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Rush For Relief Can Lead To Improper Use Of Inhalers

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CHAPEL HILL — For asthma sufferers, the rush for breathing relief often makesfor incorrect use of inhalers.The wrong technique can make the disease worse in the long run.

During an asthma attack, sufferers still need to take the time to properly get the medicine they need.

Doctors and pharmacists can demonstrate the correct way to usean asthma inhaler.

Tina Brock, a clinical assistant professor at UNC, explains the correctprocedure.

"Shake [the inhaler] well. Exhale deeply to the end of afull breath. You want to place the inhaler in your mouth," says Brock.

Make a firm seal around the mouthpiecewith the mouth, making sure not to block the mouth piece withthe tongue or teeth.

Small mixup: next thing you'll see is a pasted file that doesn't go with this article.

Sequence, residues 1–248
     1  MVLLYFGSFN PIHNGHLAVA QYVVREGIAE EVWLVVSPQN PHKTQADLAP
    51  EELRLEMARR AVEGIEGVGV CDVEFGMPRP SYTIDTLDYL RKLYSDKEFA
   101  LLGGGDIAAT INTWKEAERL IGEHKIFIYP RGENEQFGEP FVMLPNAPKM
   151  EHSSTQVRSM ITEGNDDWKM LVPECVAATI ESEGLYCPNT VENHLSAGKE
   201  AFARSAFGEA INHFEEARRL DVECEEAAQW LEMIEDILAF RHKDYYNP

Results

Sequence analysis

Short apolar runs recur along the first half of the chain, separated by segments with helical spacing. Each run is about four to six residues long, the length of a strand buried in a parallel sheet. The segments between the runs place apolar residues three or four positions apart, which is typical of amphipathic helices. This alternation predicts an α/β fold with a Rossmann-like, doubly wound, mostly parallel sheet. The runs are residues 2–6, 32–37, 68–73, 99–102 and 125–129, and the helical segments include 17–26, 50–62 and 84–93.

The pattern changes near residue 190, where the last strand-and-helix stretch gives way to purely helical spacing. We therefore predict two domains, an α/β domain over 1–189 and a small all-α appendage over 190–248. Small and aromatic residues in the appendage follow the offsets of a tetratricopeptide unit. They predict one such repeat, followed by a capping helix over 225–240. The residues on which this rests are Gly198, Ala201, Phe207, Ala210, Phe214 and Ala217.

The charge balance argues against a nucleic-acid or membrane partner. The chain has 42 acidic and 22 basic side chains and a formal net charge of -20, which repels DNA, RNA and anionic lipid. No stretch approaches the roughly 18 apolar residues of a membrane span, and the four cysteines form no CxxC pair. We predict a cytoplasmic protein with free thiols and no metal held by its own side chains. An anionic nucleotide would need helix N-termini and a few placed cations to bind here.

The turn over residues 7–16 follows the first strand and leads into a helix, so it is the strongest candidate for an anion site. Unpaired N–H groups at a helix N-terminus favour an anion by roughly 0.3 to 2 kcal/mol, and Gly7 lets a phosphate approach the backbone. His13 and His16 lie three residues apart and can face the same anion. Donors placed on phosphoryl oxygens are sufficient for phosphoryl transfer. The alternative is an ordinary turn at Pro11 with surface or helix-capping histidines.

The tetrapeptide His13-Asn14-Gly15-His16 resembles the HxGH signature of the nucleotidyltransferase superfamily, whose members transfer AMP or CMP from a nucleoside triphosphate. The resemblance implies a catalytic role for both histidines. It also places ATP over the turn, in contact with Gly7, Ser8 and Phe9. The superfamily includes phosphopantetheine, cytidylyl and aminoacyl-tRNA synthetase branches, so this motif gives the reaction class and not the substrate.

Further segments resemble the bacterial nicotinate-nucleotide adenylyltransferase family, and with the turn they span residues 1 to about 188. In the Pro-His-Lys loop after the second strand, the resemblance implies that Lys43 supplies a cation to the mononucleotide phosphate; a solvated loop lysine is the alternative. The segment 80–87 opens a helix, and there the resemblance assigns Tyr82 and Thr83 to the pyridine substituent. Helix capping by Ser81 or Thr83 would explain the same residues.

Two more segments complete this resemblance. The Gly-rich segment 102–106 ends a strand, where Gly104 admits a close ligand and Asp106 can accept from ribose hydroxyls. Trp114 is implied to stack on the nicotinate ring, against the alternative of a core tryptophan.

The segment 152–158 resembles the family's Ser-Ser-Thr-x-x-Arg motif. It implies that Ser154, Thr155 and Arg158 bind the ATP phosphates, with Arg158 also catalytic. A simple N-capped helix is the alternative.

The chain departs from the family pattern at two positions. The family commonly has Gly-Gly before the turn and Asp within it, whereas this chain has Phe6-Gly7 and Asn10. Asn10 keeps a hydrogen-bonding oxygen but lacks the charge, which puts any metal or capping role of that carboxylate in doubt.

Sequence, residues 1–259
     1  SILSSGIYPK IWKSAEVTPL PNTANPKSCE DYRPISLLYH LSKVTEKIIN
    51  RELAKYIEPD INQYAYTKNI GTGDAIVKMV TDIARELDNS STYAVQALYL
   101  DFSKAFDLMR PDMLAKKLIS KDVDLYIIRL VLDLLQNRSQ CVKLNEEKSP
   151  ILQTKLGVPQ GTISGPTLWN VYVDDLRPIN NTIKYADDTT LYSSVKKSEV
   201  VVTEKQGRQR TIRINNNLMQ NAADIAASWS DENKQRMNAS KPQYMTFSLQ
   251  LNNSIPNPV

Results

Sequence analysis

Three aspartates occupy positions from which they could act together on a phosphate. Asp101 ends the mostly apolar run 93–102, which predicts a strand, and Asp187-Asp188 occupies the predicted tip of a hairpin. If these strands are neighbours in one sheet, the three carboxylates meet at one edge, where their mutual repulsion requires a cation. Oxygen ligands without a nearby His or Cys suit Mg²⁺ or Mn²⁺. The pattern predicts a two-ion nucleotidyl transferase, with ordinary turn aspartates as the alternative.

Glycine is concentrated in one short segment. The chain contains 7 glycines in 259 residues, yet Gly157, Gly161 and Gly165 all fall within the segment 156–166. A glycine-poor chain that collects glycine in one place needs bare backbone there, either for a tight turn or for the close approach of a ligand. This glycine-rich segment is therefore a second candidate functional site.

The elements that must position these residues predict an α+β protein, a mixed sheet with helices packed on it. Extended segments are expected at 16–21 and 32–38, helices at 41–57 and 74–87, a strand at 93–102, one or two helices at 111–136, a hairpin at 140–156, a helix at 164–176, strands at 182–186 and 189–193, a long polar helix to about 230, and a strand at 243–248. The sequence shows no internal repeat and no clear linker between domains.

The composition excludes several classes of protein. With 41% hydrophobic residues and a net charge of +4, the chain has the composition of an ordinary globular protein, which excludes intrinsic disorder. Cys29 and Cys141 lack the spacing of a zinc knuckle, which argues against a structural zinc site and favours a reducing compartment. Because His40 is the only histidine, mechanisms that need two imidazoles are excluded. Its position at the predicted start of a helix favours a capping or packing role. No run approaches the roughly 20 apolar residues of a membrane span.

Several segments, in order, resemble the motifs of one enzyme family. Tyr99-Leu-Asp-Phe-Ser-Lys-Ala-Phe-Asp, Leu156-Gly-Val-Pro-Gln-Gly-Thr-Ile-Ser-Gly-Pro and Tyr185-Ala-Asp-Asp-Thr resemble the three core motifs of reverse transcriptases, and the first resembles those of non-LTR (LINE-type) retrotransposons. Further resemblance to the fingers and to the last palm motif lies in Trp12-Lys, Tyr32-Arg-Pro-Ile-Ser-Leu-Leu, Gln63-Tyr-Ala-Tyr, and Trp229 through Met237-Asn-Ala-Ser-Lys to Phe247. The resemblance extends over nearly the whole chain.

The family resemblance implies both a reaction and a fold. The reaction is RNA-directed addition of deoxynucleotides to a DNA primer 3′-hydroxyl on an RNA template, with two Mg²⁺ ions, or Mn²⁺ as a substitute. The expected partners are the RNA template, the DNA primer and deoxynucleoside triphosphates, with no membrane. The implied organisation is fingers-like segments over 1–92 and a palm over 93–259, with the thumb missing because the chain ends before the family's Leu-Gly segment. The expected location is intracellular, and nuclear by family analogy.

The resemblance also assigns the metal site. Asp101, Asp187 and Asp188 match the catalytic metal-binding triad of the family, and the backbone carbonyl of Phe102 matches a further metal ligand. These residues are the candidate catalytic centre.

"Sit up straight. Begin aslow, deep inhalation and then depress that. Inhaledeeply as full as you can, hold it for a countof 10, and exhale through the nose or throughpursed lips," she says.

Brock says the most common mistakes are blocking the mouthpiece with thetongue orteeth, and not coordinating inhalation withdepressing the canister.

"Not inhaling deeply, notholding the breath as the medication actually goesdown into the lungs -- especially with the quickrelief medications -- causes the lungs to relax. The longer you can holdit in there the better," Brock says.

Spacers can help asthma sufferers who find it hard to coordinate thetiming for squeezing the inhaler and breathing in.A chamber holds the mist so patients can breatheit in properly.

Spacers are especially helpful for children andseniors.

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